Picropodophyllin inhibits the growth of pemetrexed-resistant malignant pleural mesothelioma via microtubule inhibition and IGF-1R-, caspase-independent pathways

Translational Lung Cancer Research 2022 April [Link]

Rong Sun, Ryosuke Tanino, Xuexia Tong, Eshat Fahmida Haque, Yoshihiro Amano, Takeshi Isobe, Yukari Tsubata


Background: Acquired pemetrexed resistance leads to treatment interruption in patients with malignant pleural mesothelioma (MPM). Insulin-like growth factor-I receptor (IGF-1R) inhibitor is a candidate for treating pemetrexed-naïve MPM. However, the efficacy of cytotoxic and targeted drugs in acquired-pemetrexed resistant MPM is unclear. We explored anticancer drugs, including the IGF-1R inhibitor picropodophyllin, against acquired pemetrexed-resistant MPMs.

Methods: Acquired pemetrexed-resistant human MPM cell lines, named as H2452/PEM and 211H/PEM after their parental lines H2452 and 211H, respectively, were established by exposure to pemetrexed in vitro. Picropodophyllin and siRNA for IGF-1R knockdown were used to evaluate the efficacy of IGF-1R inhibition. Immunofluorescence was used to evaluate microtubule localization. The efficacy of picropodophyllin was evaluated in 3-dimensional MPM models.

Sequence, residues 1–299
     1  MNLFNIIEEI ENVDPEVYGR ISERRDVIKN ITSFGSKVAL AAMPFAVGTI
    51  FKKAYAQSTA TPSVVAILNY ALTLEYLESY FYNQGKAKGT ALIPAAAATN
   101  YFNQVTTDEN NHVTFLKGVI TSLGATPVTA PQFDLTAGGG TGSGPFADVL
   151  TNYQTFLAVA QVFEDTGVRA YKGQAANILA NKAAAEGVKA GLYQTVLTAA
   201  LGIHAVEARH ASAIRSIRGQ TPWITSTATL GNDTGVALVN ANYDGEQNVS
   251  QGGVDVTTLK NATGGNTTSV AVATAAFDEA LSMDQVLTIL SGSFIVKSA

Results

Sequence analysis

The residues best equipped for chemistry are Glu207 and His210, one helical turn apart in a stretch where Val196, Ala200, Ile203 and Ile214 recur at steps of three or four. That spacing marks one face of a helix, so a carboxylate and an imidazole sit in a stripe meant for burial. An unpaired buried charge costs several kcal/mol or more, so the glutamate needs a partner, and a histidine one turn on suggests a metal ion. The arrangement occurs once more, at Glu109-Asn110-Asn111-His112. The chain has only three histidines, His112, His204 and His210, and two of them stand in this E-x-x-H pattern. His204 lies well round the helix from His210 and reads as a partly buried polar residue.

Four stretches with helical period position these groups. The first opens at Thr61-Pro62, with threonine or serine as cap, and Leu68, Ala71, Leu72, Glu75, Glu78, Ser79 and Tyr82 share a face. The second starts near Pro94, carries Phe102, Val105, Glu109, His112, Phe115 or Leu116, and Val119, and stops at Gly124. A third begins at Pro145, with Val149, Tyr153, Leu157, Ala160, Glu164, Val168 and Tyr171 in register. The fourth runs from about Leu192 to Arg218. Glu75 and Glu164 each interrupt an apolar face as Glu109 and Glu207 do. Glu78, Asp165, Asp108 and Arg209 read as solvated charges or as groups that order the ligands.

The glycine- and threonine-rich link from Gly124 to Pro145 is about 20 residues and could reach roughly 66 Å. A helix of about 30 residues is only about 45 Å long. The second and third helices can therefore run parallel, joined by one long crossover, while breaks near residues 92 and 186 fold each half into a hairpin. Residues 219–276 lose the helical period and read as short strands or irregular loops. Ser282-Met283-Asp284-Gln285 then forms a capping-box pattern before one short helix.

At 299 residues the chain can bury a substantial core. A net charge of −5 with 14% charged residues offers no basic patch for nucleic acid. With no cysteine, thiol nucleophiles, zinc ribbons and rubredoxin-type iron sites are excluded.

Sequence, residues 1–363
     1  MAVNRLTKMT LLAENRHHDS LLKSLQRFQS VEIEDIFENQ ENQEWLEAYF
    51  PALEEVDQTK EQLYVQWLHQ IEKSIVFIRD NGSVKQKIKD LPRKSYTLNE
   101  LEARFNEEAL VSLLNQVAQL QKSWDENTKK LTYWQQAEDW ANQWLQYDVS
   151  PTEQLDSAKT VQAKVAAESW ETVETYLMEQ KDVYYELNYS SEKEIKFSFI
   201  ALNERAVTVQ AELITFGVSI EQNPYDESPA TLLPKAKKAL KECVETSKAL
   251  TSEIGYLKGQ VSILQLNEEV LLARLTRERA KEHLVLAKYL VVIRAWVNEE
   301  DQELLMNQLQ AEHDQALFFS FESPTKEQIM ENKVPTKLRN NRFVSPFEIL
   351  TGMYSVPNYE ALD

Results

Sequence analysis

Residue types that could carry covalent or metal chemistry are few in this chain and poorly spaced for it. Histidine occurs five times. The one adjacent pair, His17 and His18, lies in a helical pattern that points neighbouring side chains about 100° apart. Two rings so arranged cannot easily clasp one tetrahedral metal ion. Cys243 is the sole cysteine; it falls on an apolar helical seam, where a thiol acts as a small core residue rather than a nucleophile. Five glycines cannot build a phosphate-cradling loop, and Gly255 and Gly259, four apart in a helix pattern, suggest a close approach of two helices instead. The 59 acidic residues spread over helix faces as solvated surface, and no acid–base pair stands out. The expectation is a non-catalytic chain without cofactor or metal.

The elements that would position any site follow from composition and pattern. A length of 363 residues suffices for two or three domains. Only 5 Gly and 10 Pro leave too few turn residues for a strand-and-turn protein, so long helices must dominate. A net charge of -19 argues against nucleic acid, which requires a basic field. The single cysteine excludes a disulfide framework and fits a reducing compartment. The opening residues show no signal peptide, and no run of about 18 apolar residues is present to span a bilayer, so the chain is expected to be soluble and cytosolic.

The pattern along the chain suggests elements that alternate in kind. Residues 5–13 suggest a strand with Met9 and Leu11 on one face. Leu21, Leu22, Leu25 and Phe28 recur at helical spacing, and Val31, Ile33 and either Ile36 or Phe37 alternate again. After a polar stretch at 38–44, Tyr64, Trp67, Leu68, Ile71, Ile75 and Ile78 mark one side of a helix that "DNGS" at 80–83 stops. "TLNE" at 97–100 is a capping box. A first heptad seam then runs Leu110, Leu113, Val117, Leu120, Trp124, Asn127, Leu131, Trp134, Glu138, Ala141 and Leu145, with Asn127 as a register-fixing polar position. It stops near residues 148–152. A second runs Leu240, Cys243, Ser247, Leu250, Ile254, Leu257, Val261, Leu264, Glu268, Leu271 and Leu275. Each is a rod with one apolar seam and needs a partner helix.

Results: The acquired pemetrexed-resistant MPM lines retained their resistance after the removal of culture treatment. IGF-1R levels in H2452/PEM cells were higher than those in H2452 cells but not in 211H/PEM cells compared to the respective parental line. Picropodophyllin induced sub-G1 arrest in H2452/PEM cells but induced G2/M phase arrest in 211H/PEM cells, leading to caspase-independent cell death in the two acquired pemetrexed-resistant MPM lines. Although picropodophyllin inhibited phosphorylation of IGF-1R, specific inhibition of IGF-1R by RNA interference did not reduce the viability of pemetrexed-resistant MPM lines. Additionally, picropodophyllin reduced the viability of both IGF-1R knockdown pemetrexed-resistant MPM cells. Picropodophyllin was cytotoxic in acquired-pemetrexed-resistant MPM lines because of inhibition of microtubule formation and induction of aberrant mitosis. Moreover, combination treatment with picropodophyllin and vinorelbine synergistically affected the pemetrexed-resistant MPM lines but not the parental lines. Furthermore, we observed a similar efficacy of picropodophyllin in 3-dimensional pemetrexed-resistant MPM models.

Conclusions: Picropodophyllin may offer novel therapeutic properties for treating acquired pemetrexed-resistant MPM. Targeting tubulin may be an important strategy in the treatment of MPM after the discontinuation of pemetrexed.